And we’re off


Here bygynneth the Book of the tales of Caunterbury

WHAN that Aprille with his shoures soote
The droghte of Marche hath perced to the roote,
And bathed every veyne in swich licour,
Of which vertu engendred is the flour;
Whan Zephirus eek with his swete breeth
Inspired hath in every holt and heeth
The tendre croppes, and the yonge sonne
Hath in the Ram his halfe cours y-ronne,
And smale fowles maken melodye,
That slepen al the night with open ye,
(So priketh hem nature in hir corages:
Than longen folk to goon on pilgrimages,
And palmers for to seken straunge strondes,
To ferne halwes, couthe in sondry londes;

Here begins the Book of the Tales of Canterbury

When April with his showers sweet with fruit
The drought of March has pierced unto the root
And bathed each vein with liquor that has power
To generate therein and sire the flower;
When Zephyr also has, with his sweet breath,
Quickened again, in every holt and heath,
The tender shoots and buds, and the young sun
Into the Ram one half his course has run,
And many little birds make melody
That sleep through all the night with open eye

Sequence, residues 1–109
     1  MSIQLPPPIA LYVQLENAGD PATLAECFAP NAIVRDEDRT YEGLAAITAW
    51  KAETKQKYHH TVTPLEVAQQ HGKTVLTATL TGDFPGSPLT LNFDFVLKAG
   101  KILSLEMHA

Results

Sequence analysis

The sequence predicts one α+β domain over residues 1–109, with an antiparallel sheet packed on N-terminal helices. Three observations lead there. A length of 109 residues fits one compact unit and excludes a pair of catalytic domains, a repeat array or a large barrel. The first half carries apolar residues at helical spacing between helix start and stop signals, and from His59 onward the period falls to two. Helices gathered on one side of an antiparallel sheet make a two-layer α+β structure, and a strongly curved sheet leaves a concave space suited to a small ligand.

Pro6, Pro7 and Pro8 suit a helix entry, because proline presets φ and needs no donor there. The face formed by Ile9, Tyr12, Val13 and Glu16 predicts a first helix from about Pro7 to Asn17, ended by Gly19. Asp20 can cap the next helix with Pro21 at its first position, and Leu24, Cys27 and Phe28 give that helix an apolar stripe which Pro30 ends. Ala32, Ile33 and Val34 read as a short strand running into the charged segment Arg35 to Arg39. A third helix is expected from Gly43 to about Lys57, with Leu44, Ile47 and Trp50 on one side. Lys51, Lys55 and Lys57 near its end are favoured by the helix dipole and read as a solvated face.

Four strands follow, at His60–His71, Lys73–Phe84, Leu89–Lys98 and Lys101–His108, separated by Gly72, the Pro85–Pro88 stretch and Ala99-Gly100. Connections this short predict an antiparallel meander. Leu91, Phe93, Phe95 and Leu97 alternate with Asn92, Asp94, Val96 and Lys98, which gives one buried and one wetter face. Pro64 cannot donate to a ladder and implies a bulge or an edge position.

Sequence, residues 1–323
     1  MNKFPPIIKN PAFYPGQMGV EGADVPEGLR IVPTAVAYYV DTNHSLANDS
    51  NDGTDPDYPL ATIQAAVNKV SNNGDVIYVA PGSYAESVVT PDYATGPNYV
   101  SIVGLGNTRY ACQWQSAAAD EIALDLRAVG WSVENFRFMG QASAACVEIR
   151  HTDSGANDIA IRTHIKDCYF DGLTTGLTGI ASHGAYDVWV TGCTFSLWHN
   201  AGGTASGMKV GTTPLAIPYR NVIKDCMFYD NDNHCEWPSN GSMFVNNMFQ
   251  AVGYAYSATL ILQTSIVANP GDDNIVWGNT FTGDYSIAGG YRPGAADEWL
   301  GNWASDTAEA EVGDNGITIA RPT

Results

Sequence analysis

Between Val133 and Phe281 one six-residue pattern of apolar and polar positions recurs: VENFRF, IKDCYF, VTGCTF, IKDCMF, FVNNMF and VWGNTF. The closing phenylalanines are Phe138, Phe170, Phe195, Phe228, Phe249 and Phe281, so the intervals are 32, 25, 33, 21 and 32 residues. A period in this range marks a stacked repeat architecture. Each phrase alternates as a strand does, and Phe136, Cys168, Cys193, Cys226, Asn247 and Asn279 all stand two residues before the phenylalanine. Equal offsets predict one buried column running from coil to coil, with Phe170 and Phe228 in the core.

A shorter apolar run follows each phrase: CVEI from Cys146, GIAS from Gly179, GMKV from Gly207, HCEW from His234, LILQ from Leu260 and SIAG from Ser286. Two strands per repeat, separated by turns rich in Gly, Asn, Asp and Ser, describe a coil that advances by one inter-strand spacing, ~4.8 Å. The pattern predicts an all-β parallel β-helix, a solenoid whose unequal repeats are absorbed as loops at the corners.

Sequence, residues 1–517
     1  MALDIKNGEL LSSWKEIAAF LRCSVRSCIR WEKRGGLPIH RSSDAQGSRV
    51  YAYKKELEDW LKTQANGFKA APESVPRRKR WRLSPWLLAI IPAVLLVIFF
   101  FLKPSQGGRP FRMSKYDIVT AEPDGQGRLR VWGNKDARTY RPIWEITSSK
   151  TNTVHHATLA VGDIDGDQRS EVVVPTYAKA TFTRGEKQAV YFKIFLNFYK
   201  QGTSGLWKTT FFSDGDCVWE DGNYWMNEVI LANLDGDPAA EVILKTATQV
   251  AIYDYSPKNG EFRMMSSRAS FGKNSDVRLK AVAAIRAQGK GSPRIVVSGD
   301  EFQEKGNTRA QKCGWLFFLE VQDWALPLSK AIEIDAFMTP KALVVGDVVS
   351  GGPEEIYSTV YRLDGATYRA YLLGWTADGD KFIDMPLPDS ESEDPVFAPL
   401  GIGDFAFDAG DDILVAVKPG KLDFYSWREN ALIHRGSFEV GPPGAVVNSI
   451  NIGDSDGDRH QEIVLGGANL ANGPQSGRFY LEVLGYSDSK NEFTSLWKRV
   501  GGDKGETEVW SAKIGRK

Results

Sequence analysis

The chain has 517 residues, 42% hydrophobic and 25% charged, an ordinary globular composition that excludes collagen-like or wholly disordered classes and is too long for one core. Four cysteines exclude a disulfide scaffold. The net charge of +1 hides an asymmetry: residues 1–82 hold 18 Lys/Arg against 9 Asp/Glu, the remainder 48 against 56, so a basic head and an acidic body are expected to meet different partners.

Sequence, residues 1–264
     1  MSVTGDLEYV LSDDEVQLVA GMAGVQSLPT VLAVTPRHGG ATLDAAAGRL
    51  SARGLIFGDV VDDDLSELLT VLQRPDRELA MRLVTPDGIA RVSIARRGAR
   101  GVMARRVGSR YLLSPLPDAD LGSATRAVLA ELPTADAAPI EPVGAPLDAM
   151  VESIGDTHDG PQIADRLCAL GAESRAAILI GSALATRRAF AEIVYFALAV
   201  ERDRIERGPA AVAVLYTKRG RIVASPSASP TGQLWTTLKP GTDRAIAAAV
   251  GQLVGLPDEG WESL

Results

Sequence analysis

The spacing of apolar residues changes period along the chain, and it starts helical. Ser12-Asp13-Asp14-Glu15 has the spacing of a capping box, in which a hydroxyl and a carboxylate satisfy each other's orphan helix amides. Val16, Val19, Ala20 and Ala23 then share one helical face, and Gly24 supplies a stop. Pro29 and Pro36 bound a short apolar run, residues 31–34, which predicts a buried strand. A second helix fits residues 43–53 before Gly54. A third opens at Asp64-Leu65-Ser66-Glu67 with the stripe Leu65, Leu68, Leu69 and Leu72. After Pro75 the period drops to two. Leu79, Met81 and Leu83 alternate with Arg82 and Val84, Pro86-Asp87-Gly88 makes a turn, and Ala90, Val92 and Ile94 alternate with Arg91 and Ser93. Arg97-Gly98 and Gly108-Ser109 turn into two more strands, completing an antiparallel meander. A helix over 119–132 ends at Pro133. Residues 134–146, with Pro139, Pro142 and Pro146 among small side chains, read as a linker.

(So Nature pricks them on to ramp and rage)-
Then do folk long to go on pilgrimage,
And palmers to go seeking out strange strands,
To distant shrines well known in sundry lands.

So with the coming of April we too are off on pilgrimage, not to Canterbury but to more distant shrines.


Day to day on the Camino


We plan to average about 12 miles a day and get in Santiago de Compostela in about 40 days of walking. See this table for the planned days. We will probably have 2-4 days where we stay in a place skip walking for a day. That leaves about 10 days at the end. We plan to go on the Finisterre and Muxia, either on the bus or walking and explore the northwest Atlantic coast of Spain.

For the flat parts we hope we can average about three miles/hour. This means four hours of walking a day. With stops and variations we are planning four to six hours of walking a day. Starting around 8 am that means we get to the next town where we will stay between noon and 2pm. Then we get a hotel, do the daily washing, and get lunch. The rest of the day is for exploring the area, reading, blogging, thinking, getting food for dinner or the next day, or whatever.

We are going to try to eat our big meal at lunch and have something small for dinner, like tapas. We don’t like the idea of a big meal at 9 or 10 pm.

All of this is subject to change, of course, we’re not sure what we’ll find when we are actually on the trail.

Our Equipment


We are carrying all our things with us as we walk. All the guidebooks emphasize how important it is to have as light a pack as possible. We got ultralight packs from Gossamer Gear. I have the Gorilla pack and Wynette has the Mariposa pack. This is what I am taking: